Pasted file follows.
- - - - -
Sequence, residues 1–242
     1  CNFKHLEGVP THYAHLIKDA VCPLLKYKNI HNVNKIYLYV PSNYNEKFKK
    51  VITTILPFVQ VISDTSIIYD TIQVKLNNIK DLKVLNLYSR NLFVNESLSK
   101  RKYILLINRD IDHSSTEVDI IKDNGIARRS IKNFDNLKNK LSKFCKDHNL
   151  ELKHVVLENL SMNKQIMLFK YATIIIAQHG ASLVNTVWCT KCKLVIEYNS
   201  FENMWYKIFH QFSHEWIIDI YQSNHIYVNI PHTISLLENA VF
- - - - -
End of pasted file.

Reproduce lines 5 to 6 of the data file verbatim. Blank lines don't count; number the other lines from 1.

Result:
   151  ELKHVVLENL SMNKQIMLFK YATIIIAQHG ASLVNTVWCT KCKLVIEYNS
   201  FENMWYKIFH QFSHEWIIDI YQSNHIYVNI PHTISLLENA VF